In children with cerebral palsy (CP), secondary changes occur in bones and joints. This can have serious consequences, such as pain, problems with care and reduced quality of life. The disturbed muscle balance often causes a gradual migration of the femoral head out of the socket, which can lead to a painfully dislocated hip without intervention; a difficult problem to treat in this very vulnerable patient group. It is known that intervention at an early stage is useful in order to keep the hip well in the socket. In early hip migration, an isolated soft tissue procedure (adductors/psoas tenotomy)
is often the first procedure that can be performed at a young age. Unfortunately, this is unsuccessful for some of the children. Major operations are then required (femoral and pelvic osteotomies), which have a high treatment burden and have a high risk of sometimes lifethreatening
complications. The literature regarding the results of isolated soft tissue procedures for the prevention of hip migration in cerebral palsy patients is very heterogeneous. Reported success rates range between 23 and 85%. This wide spread is partly determined by differences in population,
definitions of outcome measures and organization of care for CP patients. The results of these studies can therefore not be translated 1-on-1 to the Dutch situation. In addition, a large proportion of the papers report on patients treated at the end of the 20th century or just after the turn of the century. Since this period, non-operative care for children, especially regarding tone regulation, has improved considerably. The potential positive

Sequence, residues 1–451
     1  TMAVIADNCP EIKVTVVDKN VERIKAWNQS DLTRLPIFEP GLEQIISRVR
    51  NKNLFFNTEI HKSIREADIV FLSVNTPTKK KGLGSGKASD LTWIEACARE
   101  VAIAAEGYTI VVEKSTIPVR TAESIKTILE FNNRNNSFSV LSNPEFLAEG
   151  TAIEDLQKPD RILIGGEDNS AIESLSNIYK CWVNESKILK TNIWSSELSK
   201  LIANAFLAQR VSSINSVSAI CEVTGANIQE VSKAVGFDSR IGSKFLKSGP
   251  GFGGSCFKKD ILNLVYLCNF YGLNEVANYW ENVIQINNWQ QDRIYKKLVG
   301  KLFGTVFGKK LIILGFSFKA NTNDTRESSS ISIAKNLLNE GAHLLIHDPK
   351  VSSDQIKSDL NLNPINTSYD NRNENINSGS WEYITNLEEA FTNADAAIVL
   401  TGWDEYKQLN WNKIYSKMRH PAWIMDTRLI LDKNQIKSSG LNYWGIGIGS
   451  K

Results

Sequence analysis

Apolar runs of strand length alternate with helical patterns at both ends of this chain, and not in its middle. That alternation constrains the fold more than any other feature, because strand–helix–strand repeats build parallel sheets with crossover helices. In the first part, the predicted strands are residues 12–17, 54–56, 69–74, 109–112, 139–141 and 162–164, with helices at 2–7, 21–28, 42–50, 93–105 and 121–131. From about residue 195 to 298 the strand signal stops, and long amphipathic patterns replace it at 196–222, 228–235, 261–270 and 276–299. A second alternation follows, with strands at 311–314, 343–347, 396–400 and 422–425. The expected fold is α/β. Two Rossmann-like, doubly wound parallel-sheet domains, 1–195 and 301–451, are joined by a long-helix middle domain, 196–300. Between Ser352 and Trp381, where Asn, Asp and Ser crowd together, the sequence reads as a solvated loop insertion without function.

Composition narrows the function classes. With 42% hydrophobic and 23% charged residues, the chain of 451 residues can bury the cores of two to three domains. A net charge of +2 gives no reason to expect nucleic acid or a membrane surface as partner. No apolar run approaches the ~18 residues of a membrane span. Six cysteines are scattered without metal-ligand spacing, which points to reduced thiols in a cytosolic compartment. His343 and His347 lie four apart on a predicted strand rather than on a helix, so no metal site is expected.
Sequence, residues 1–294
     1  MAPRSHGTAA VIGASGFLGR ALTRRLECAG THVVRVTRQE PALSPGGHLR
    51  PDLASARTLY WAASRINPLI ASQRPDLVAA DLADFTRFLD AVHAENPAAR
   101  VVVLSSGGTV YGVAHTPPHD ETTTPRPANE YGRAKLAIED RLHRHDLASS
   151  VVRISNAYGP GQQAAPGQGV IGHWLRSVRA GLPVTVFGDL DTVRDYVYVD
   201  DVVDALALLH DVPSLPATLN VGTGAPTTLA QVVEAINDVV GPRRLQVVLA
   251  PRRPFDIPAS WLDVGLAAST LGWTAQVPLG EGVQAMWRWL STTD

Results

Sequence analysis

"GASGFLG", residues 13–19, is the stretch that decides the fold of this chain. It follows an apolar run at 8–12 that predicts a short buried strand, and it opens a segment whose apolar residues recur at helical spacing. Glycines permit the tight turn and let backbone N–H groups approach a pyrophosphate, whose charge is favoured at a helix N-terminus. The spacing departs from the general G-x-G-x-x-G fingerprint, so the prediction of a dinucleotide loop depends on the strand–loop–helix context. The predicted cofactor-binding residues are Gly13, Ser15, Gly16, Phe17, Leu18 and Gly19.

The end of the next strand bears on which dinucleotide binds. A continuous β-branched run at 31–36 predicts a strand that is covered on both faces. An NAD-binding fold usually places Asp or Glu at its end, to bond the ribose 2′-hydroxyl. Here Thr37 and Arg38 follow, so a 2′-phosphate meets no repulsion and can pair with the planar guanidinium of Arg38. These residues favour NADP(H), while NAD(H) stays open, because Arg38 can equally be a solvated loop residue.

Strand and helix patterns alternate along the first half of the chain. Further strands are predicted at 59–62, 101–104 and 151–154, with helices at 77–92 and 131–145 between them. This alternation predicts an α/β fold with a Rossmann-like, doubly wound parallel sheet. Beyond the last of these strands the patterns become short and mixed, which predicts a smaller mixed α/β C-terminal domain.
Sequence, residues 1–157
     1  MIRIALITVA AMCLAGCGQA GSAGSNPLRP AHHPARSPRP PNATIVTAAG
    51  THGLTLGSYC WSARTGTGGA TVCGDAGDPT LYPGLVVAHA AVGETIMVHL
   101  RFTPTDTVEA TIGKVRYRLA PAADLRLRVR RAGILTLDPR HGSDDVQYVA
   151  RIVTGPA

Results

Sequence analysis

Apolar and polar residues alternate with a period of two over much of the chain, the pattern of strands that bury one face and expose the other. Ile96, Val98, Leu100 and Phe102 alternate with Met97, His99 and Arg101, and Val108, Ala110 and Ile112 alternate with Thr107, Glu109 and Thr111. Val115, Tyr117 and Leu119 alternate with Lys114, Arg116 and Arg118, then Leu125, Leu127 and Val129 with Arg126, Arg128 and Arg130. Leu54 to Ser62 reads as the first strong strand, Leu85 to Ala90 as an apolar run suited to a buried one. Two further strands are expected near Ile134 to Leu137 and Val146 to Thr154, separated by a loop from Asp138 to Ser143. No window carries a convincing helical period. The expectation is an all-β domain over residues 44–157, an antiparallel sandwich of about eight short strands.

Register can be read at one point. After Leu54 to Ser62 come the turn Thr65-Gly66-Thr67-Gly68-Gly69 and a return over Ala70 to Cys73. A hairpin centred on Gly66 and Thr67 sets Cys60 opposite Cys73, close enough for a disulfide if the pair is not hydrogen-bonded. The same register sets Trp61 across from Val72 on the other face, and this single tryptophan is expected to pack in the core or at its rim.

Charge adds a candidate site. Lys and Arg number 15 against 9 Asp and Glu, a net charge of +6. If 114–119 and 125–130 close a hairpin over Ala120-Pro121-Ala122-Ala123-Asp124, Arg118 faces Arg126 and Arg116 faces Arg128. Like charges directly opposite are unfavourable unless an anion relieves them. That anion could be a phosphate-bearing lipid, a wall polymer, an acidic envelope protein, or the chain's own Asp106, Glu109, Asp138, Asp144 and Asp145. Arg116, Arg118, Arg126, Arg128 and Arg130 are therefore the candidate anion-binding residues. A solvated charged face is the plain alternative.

influence of improved tone regulation on the outcome of soft tissue surgery to prevent hip migration is unknown.
To better determine the position of this treatment in the current Dutch situation, it is essential to know what the results are within the Dutch context of CP care. At the moment there is insufficient knowledge available for optimal indication, patient/parent information and planning of future scientific research. The aim of this study is therefore to gain more insight into the results regarding progression of hip migration and need for secondary surgery after isolated soft tissue procedures in children with CP in the Netherlands.


The aim of this study is to gain more insight into the results regarding progression of hip migration and need for secondary surgery after an isolated soft tissue procedure (adductor and/or psoas tenotomy) in children with cerebral palsy in the Netherlands. Secondary study goal is to analyse factors that influence the success rate of the surgical intervention, and based on this analysis develop a prediction model to help guide future decision-making
regarding surgery to prevent hip migration in the treatment of cerebral palsy patients. 

Study design: 

Retrospective cohort study.